[Image via Shutterstock]
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  • Is the only reason salt needs anti-clumping things to let it go through the salt shaker? 😛

    • Sheila Hotchkiss Rowland

      Trouble is that in very humid areas the table salt will still clump. sing s few grains of ice helps to overcome this tendency.

  • “Real” Kosher salt is made using the Alberger process that was patented at the turn of the 20th century. The only place in the US that still uses this is in a plant in St. Clair, Michigan. The process uses mechanical evaporation in large open pans. The process forms hopper or cup shaped crystals. These three-dimensional flakes have less salt compared to the same volume of regular cubic salt. The reason this is considered to be Kosher is that originally animal fat was used to prevent the evaporating brine from foaming and boiling over. The animal fat had to be prepared in a manner consistent with Jewish food preparation traditions. This required review and approval by a Rabbi. Animal fat has been supplanted by modern chemistry but the inspections are still done.

    I thought you would want to find this out today.

  • Wow. No one is right at all in any part of what “kosher” means. It simply means blessed by a Rabbi.

    • Daven Hiskey

      @Bryan Crane: Not in the case of salt necessarily 🙂

    • Actually Bryan, I happen to be Jewish and eat only kosher food… Food does NOT become kosher if it is blessed by a rabbi, as is the common misconception…
      Kosher food is food that the Torah (Jewish Bible, otherwise known as the Old Testament) permits Jews to eat.


      • I believe that the rabbi will bless only food that is (already) kosher.

      • I am not Jewish…but from reading the Bible, and having Jewish friends, I do believe you are correct. Just having a Rabbi bless the food does Not make it “Kosher”.

  • On a recent cooking show they explained that there is no kosher salt per se. Salt is basically refined to become table salt. To get Kosher salt they basically press table salt together to get the larger flakes and then package it as Kosher salt.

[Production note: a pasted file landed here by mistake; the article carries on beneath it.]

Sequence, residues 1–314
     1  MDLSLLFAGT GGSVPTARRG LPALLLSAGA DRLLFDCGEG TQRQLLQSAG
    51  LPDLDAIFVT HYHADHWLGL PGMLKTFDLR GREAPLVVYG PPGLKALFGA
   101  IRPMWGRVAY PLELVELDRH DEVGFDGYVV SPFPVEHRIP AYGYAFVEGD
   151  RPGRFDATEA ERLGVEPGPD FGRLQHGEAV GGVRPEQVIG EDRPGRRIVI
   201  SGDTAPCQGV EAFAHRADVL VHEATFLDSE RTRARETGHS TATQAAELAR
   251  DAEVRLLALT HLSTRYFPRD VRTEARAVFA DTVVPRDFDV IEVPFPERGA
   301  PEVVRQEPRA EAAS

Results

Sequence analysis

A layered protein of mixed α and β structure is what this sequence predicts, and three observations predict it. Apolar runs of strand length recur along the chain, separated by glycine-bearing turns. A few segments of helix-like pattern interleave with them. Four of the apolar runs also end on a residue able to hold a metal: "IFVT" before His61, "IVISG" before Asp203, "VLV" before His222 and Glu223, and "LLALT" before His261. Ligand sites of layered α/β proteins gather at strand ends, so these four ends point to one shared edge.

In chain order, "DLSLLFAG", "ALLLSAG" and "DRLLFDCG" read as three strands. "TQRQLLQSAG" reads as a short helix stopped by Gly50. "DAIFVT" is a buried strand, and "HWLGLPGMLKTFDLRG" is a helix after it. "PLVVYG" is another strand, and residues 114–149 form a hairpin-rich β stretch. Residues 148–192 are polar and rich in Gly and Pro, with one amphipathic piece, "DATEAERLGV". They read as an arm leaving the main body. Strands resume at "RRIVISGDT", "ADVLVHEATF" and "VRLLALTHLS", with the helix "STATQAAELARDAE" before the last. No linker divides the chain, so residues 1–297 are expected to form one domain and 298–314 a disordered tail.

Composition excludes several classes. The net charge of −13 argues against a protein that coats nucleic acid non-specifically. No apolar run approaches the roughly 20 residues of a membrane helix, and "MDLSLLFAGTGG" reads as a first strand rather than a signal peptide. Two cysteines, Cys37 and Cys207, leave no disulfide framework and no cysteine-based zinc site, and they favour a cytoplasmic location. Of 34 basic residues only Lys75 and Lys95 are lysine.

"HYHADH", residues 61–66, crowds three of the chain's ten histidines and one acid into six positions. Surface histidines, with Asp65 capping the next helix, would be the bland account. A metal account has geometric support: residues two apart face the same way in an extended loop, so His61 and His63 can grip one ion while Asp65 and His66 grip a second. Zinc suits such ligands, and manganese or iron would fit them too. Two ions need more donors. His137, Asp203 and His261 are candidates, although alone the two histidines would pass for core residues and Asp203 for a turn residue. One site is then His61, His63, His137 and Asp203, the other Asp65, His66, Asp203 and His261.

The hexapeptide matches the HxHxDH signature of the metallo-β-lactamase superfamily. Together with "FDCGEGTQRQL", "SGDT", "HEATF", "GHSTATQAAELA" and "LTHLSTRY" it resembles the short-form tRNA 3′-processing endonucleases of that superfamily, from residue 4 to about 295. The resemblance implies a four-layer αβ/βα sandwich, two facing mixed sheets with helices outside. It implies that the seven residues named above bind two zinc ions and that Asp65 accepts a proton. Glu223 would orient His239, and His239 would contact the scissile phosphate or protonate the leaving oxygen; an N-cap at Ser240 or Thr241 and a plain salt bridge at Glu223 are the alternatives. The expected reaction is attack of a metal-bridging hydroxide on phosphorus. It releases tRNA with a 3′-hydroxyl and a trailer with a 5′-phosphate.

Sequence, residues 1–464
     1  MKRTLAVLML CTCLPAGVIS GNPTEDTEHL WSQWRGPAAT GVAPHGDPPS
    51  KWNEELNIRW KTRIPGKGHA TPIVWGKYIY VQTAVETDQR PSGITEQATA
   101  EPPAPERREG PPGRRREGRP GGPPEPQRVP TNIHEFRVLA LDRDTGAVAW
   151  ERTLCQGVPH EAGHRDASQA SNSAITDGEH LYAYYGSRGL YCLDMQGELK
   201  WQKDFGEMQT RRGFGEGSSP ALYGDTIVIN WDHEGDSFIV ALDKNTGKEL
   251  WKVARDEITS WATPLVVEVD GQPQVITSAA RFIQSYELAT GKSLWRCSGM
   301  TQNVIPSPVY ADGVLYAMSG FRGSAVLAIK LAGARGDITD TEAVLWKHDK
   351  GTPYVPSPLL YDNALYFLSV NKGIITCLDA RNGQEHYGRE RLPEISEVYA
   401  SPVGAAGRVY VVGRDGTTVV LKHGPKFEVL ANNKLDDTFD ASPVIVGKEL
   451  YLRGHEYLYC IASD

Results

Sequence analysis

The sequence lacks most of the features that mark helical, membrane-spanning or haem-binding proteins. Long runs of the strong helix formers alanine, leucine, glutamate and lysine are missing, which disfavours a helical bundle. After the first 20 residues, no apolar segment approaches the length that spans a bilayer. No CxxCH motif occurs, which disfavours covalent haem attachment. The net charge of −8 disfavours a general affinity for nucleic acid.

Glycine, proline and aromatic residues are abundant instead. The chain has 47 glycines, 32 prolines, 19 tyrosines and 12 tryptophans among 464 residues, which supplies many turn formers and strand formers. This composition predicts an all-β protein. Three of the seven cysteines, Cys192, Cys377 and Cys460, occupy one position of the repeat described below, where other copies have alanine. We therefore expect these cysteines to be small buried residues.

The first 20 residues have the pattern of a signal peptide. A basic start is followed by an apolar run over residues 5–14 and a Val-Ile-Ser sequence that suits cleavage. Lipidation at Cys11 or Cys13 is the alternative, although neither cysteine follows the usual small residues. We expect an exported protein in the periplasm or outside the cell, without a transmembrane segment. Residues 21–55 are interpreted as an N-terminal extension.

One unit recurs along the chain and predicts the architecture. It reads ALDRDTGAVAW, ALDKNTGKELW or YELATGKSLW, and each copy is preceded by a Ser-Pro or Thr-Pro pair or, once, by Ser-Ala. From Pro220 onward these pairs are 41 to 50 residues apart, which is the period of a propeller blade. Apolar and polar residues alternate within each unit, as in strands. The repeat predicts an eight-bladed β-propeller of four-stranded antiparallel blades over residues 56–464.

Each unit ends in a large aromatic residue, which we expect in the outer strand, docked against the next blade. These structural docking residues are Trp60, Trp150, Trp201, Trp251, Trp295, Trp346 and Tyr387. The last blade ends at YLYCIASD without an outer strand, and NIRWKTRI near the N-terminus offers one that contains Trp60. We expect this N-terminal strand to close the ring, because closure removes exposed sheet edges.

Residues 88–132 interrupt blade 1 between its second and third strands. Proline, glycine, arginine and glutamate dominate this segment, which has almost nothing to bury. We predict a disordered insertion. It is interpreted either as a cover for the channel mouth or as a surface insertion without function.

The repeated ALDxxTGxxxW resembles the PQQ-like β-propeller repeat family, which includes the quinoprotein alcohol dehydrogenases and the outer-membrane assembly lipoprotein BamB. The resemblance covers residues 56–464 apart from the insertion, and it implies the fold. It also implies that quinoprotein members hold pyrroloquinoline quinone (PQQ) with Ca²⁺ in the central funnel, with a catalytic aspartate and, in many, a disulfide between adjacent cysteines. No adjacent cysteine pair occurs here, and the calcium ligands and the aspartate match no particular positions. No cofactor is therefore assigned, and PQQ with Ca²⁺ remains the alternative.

• Thanks for the thorough explanation of kosher salt. I couldn’t work out why it was being mentioned in so many USA recipes.
    In Europe it is not used as a general term for a variety of salt. Over here there is table salt (ground to fine grains) and coarse grain salt for cooking etc or for use in a salt grinder at table. All the other terms are used as well (iodized, anti-clumping agents, sea salt, rock salt etc) Rock salt from mines is generally food grade and the same rock salt is used for food and industrial purposes – only the processing and maybe additives are different).
    Of course the in the countries where they make sea salt they have an extra grade called flower of salt which is the very top layer of salt formed in the evaporation pans – it has a special flavour because it contains many more elements than just sodium chloride.

    • Sheila Hotchkiss Rowland

      Iodized salt is primarily sed in the UK in areas that are low in natural iodine becase a lack of iodine causes

      • Sheila Hotchkiss Rowland

        Most salt in the UK is sea salt anyway as I suspect is much of the salt of Europe. Not all sea salt is made by evaporation. It was made when the sea receded from alt water areas and the land was uplifted. It is now mined but it is still sea salt.

  • All salt is kosher. “Koshering salt” is a different thing. I am so tired of every single recipe in the US calling for “kosher salt” as some kind of special thing. Salt is salt, get a life.

    • John, I have tried replacing Kosher Salt with Sea Salt (larger clumps) on many occasions in recipes which call for Kosher Salt and the results are always too salty. I hear it’s the size of the Kosher Salt which makes all the difference – I’m hunting down some Kosher Salt (not easy in Australia!) I’m hoping in this case ‘Salt is Not Salt’ so I can actually enjoy some of these recipes I find on the web!

      • Listen here dumb @$$

        If you think the recipe is too salty using sea salt, you’re in for a rude awakening as kosher salt will be saltier. Sea salt and kosher salt have the same density of sodium chloride same with table salt, but the larger less uniform grain sizes mean there is more air in a measured amount. A tsp of sea salt will have more air than a tsp of kosher salt which will have more air than a tsp of table salt. More air means less sodium chloride.

  • Properly stated, the cubic structure of table salt is not because of milling but is due to the crystalline structure (crystal lattice) of sodium chloride.

  • As someone who has worked in the industry of refining salt, I have to say the only difference between food grade, and “rock salt” is how it is handled. Food grade comes from mines or is evaporated and strictly regulated by the FDA. Here in the USA that is. Rock salt or non food grade is refined in solar ponds. These can be seen on Google earth on the north side of the great salt lake in Utah. That is where I worked. On the south side of the lake is the ever so famous Morton salt.